The decision of Ghana FA chairman, Dr Nyaho Nyaho-Tamakloe, to take the association's problems before the law courts, could abruptly end his term in office.
Tamakloe, who went to a High Court in Accra last year to stop the GFA's congress from impeaching him, has lost favour with Fifa, football's governing body, for violating its statutory provisions forbidding such a step.
"The current president of the Ghana FA has repeatedly violated Article 61 of the Fifa statutes which states that recourse to ordinary courts are prohibited," Fifa's deputy general secretary Jerome Champagne told BBC Sport's Patrice Citera in Kinshasa on Wednesday.
On what sanctions Fifa is likely to impose on the GFA boss, Champagne said: "The cases of violations belong to the national FA, according to article 13 of our statutes, which means it is for the [GFA] members to impose sanctions."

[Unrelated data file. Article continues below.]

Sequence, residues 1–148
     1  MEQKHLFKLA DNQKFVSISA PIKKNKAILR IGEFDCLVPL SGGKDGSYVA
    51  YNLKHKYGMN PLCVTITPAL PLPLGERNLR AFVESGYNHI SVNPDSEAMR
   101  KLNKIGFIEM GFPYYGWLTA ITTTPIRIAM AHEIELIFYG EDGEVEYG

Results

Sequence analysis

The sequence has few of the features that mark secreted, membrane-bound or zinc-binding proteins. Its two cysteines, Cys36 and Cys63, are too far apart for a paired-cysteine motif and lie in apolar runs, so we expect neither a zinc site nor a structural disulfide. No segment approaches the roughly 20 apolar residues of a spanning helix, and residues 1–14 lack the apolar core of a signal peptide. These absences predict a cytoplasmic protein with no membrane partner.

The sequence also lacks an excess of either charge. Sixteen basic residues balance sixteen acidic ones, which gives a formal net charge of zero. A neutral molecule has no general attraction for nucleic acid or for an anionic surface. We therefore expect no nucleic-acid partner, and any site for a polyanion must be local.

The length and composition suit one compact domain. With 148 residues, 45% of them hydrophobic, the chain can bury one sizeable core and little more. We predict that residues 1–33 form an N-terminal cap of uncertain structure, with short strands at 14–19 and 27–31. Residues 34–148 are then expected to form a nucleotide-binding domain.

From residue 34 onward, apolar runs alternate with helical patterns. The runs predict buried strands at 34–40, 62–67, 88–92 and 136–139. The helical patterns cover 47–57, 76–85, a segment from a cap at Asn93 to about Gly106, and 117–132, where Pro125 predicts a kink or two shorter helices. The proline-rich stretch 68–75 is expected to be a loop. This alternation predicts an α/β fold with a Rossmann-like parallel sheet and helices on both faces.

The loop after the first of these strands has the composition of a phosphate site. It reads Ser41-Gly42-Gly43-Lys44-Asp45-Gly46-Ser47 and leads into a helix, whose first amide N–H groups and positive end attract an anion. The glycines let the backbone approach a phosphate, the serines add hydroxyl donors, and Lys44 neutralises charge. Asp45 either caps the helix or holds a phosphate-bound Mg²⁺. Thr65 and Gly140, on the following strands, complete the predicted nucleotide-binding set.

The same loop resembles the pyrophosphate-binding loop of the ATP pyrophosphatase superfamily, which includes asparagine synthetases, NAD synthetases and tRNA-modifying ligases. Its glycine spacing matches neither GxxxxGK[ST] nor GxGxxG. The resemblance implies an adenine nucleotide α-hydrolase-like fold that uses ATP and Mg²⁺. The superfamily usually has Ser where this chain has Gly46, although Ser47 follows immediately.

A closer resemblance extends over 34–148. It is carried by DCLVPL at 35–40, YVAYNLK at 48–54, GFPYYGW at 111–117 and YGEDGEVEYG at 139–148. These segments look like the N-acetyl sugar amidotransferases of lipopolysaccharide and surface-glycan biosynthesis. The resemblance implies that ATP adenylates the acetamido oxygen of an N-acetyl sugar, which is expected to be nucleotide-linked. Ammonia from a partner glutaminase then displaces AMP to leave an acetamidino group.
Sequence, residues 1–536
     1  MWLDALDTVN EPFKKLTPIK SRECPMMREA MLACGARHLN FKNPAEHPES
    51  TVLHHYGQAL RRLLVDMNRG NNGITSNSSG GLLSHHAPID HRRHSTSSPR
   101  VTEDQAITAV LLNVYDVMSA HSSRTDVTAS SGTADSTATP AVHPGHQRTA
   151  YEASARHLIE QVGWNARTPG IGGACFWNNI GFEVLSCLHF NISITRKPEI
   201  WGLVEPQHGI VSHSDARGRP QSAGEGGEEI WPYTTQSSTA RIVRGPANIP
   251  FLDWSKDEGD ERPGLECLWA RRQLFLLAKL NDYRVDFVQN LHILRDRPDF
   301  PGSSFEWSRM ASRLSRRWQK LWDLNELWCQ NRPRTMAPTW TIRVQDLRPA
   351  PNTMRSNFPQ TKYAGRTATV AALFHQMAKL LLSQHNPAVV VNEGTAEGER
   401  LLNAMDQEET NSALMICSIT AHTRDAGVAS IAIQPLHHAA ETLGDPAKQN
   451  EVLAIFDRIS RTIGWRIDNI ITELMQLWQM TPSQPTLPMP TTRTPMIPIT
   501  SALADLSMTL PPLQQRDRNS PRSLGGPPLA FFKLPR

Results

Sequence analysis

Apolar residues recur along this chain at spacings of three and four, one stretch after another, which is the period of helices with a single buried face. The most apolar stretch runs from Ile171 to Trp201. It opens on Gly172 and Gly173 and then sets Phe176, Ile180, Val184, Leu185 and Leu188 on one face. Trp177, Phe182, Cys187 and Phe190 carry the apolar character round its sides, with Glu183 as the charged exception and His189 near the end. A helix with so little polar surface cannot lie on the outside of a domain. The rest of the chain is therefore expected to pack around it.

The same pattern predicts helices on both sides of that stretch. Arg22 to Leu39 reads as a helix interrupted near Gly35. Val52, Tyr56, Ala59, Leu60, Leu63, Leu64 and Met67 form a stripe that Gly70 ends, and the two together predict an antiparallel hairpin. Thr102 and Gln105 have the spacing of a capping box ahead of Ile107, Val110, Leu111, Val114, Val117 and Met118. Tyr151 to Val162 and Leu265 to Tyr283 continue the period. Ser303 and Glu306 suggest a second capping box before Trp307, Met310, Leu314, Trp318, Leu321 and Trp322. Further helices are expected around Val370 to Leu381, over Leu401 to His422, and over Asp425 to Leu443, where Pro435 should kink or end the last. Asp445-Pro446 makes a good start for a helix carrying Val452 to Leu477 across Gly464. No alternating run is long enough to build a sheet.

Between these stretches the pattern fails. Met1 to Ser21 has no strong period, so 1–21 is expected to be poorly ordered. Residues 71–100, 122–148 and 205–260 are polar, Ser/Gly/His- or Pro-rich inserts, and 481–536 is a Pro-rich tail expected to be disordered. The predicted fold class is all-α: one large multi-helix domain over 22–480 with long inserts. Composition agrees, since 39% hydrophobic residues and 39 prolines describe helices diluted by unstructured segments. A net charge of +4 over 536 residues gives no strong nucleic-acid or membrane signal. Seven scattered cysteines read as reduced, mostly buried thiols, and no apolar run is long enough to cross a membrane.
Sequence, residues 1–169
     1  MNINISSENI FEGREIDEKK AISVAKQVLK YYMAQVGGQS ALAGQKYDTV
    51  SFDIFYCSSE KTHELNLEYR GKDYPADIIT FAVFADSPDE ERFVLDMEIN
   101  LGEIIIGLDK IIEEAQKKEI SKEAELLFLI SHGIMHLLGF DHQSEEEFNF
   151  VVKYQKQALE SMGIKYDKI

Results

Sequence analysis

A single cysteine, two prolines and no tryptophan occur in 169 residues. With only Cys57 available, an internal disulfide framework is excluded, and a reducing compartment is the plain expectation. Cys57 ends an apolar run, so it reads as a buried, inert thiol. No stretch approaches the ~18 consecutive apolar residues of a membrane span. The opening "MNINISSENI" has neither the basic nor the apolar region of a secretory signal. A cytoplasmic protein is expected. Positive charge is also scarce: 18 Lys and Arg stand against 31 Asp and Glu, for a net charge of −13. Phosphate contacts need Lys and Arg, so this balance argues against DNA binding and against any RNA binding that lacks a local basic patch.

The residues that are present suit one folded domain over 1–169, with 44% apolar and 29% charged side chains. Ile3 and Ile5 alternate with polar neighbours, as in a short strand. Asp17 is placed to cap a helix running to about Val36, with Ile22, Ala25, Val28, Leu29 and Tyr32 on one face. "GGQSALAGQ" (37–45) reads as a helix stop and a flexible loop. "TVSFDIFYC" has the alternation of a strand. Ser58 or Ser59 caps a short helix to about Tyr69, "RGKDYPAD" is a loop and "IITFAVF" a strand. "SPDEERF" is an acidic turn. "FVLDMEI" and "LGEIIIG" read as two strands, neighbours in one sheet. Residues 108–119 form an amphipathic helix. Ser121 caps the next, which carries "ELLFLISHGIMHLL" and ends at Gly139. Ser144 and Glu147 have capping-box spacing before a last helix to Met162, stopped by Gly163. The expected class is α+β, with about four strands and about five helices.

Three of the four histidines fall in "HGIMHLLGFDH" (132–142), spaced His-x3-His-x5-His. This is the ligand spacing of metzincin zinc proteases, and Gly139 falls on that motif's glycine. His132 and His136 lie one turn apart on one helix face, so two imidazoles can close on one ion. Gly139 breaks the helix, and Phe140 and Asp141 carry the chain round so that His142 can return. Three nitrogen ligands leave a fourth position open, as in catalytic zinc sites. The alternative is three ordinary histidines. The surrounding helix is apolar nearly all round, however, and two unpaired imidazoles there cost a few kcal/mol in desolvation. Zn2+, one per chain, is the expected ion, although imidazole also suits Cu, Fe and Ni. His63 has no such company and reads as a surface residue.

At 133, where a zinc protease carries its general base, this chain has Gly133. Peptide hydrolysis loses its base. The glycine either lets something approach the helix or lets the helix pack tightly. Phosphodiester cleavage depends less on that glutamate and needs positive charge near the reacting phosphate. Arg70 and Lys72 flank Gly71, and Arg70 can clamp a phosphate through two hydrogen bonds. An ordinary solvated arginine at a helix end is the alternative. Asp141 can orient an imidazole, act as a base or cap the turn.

Champagne, who is accompanying Fifa president Sepp Blatter on a six-nation African tour, said football's world governing body is disappointed with the calibre of people running football in the West African country.
"We are very sad because we know the talents that exist in Ghana.
"We know the results which have been achieved by Ghanaian national teams."
Fifa has instructed the GFA to draw up a roadmap for the reorganisation of its chaotic administrative structure, which is responsible for the infighting within the association.
"I have spoken with GFA secretary Kofi Nsiah, who told me they have responded to our earlier letter," Champagne told BBC Sport on Thursday.
"But I am in no position to make any official comments on it until I return to Zurich."
The GFA's congress has set up a five-member body to carry out the reforms ordered by Fifa.
GFA vice-chairman Kwesi Nyantekyi and council members Jones Abu Alhassan, Ntow Fianko, Randy Abbey and Fred Crentsil are expected to forward a report in two weeks.
The Fifa president, who has visited Chad, Central African Republic, DR Congo and Burundi, will end his African tour in Rwanda on Friday.